A Taste of Torah: Weekly Commentary from the JTS Community
January 8, 2005 27 Tevet 5765
This week's commentary was written by Rabbi Matthew Berkowitz, Senior Rabbinic Fellow
Last week's parashah, Sh'mot, closes on a discouraging note. Having remained loyal to the command of God, Moses and Aaron stand before Pharaoh conveying the word of God, "Let My people go..." In rage and defiance, Pharaoh not only denies the request, but further embitters the lives of the Israelites as he refuses to provide straw for the slaves. They must now break their backs gathering materials to make the same quota of bricks as before. Though lifted by a moment of hope upon hearing that God had taken note of their plight, the Israelites now become impatient and enraged, even skeptical of Moses' message. After being reproached by a group of Israelites, Moses turns to God asks candidly, "Why did You bring harm upon this people?" This week's parashah, Parashat Va–era, opens in a moment of prophetic frustration and divine assurance. Restating the divine promise of redemption, God commands Moses to stand before the Israelites and reassure them of their imminent freedom. However, "when Moses told this to the Israelites, they would not listen to Moses because of their shortness of spirit and harsh physical labor."
Listening and hearing become core themes in the narrative of redemption. What does Parashat Va–era teach us about hearing? And, more importantly, what does it teach us about leadership? Three elements emerge: understanding context, communicating effectively and designing a strategy for success.
Understanding the context. Moses is charged with a yeoman's responsibility –having heard the command of God, he must instill the promise of redemption in the hearts of the people. Though he walks away rejected and crushed numerous times, he fails to take note of the context. What are the people experiencing that prevents them from hearing the divine message? The Torah offers two explanations: kotzer ru'ah and avodah kashah. Although one may literally translate kotzer ru'ah as shortness of breath or spirit, it can also be translated as spiritually crushed. Avodah kashah, or hard labor, speaks to a state of being physically exhausted. Not only were the people physically tired, but they were spiritually demoralized, making it difficult for them to hear the message of freedom.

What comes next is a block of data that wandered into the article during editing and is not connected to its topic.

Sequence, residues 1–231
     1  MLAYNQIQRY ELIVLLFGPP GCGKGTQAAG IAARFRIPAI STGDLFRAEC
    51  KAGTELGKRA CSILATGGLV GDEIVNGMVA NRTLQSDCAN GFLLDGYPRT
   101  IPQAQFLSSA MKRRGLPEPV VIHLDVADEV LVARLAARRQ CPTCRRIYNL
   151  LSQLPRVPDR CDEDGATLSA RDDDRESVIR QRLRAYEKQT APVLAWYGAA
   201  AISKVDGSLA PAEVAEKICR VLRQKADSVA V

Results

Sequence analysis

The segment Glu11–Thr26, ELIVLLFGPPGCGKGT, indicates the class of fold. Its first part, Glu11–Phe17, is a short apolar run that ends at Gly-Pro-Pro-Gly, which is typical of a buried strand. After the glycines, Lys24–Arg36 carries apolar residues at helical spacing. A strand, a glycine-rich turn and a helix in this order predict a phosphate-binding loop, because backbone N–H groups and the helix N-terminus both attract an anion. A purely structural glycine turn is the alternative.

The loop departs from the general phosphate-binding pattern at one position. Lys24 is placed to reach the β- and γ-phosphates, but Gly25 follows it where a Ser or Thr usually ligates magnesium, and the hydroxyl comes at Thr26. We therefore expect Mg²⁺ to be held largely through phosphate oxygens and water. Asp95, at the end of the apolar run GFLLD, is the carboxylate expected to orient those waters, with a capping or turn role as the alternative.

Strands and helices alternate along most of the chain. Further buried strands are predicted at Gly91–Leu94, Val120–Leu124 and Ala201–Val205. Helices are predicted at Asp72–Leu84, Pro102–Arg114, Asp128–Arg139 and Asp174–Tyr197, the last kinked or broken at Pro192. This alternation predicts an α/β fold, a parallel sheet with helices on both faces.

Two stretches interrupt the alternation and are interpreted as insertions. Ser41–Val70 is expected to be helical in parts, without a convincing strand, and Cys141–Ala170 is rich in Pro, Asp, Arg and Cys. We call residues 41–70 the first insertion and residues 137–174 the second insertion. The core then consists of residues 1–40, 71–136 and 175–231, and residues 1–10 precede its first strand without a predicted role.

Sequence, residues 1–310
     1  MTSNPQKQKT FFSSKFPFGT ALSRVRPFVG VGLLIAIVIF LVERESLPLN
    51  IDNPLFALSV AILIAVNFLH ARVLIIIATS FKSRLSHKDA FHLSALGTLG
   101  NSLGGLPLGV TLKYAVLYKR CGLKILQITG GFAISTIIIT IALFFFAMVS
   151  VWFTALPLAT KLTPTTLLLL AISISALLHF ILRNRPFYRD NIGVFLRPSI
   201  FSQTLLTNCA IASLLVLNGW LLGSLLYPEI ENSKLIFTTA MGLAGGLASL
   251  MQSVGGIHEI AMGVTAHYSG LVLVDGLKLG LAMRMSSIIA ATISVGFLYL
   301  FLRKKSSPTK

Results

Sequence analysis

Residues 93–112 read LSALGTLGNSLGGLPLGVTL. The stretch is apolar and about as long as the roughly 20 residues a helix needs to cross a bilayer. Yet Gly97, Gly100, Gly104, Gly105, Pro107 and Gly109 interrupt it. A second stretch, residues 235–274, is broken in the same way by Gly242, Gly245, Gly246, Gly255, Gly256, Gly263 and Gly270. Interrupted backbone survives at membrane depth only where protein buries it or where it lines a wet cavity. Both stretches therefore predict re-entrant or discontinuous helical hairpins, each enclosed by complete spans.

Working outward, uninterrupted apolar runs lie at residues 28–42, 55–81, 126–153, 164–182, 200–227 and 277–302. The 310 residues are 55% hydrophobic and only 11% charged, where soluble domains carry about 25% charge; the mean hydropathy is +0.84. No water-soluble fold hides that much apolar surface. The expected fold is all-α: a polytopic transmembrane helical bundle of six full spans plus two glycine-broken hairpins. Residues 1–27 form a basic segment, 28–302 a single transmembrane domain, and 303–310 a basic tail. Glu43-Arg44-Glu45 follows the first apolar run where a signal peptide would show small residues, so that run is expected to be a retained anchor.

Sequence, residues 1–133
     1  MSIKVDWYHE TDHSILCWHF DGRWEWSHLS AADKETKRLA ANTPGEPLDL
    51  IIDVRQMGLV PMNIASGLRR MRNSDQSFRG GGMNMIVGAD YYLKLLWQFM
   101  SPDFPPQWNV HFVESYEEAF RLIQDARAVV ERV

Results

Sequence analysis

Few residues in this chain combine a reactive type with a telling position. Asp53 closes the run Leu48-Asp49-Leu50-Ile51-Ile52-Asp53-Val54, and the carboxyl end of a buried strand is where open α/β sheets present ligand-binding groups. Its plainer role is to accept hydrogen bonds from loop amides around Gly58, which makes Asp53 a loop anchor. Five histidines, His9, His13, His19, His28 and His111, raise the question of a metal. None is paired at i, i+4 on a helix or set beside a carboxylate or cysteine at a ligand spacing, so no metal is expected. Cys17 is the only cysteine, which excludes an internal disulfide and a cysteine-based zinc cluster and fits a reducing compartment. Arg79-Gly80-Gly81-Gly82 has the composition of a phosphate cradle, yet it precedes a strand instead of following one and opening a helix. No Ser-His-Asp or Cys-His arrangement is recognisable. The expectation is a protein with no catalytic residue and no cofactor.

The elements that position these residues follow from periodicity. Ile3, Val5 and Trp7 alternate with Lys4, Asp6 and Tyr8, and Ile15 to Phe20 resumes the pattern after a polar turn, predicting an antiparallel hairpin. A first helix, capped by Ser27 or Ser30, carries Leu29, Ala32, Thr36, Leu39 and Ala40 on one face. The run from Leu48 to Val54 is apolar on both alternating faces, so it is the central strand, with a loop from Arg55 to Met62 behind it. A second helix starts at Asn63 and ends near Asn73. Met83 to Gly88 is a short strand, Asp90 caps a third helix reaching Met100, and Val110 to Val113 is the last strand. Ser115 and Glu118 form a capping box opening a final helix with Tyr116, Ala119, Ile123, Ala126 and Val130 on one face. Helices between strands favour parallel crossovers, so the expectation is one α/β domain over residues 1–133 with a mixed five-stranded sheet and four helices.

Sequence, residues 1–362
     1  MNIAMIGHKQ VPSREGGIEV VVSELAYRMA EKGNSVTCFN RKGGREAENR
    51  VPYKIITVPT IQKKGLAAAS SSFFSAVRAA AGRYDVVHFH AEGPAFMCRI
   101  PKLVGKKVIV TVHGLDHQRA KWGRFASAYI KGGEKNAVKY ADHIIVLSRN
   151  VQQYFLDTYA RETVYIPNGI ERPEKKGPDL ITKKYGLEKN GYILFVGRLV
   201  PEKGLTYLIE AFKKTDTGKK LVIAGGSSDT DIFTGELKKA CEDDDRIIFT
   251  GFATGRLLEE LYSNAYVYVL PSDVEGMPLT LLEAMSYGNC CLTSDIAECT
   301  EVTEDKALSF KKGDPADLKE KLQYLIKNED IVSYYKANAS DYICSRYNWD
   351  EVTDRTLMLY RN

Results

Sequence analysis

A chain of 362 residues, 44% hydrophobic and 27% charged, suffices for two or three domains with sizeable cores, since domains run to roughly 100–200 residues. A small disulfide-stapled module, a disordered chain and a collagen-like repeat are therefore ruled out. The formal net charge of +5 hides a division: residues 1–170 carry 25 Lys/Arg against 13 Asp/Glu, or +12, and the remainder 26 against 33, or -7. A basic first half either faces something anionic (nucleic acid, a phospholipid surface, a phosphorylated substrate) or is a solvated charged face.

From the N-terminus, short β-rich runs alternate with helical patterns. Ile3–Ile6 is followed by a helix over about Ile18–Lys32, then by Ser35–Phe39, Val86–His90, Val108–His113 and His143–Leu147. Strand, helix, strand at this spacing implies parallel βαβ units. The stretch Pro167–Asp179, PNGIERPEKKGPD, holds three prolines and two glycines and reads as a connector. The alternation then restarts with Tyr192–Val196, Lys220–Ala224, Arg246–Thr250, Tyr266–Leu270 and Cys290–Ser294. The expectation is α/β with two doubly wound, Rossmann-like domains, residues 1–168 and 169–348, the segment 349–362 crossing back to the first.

Communicating effectively. As this week's parashah continues, we are privy to yet a second element that might effect the hearing of the people. After Moses' stunning failure, God comes back at Moses with an even more outrageous request. "Go and tell Pharaoh to let the Israelites depart." Not surprisingly, Moses responds, "The Israelites would not listen to me; how then should Pharaoh heed me, a man of impeded speech?" The Hebrew words used to express impeded speech are aral sefatyim – literally of uncircumcised lips. The phrase conjures up the image of a foreskin or barrier. Something is preventing Moses from conveying the essence of God's message. Moses senses that he is not communicating effectively yet is not sure how to proceed.
Designing a successful strategy. God does not respond to Moses' challenge directly, yet God changes course. Having spoken previously solely to Moses, God now broadens the base, including Aaron more fully. "So the Lord spoke to Moses and Aaron in regard to the Israelites and Pharaoh, King of Egypt, instructing them to deliver the Israelites from the land of Egypt." God realizes that the burden is too great for Moses alone to bear and so speaks to Moses' brother Aaron, too. Moses and Aaron must work as a team so that the people will listen.
These three qualities: understanding context, communicating effectively and designing a successful strategy, are crucial to any successful leader. Avivah Zornberg points out beautifully that, "in order to hear, we must clear ourselves of obstruction, open ourselves; for that reason, we read the narrative of the Exodus, culminating in the Song of the Sea, before reading the Shema prayer. The Exodus thus becomes the therapeutic paradigm for preparedness – the catharsis that frees us to hear" (Zornberg, The Particulars of Rapture, 111). As Zornberg demonstrates, our daily liturgy reinforces the need to hear clearly and effectively. The Shema, in which we declare God's Oneness, demands that we hear our own words as we recite the liturgy. The prayer service brilliantly transitions from the triumphant Song of the Sea as the Israelites march from the straits of Egypt into freedom. We repeat those words – breaking the bond of Pharaoh's slavery and embracing the commanding voice of Sinai. Hearing is indeed the key to redemption. But to realize redemption we must hear the context, communicate effectively and be deliberate in thought and action.
Rabbi Matthew Berkowitz.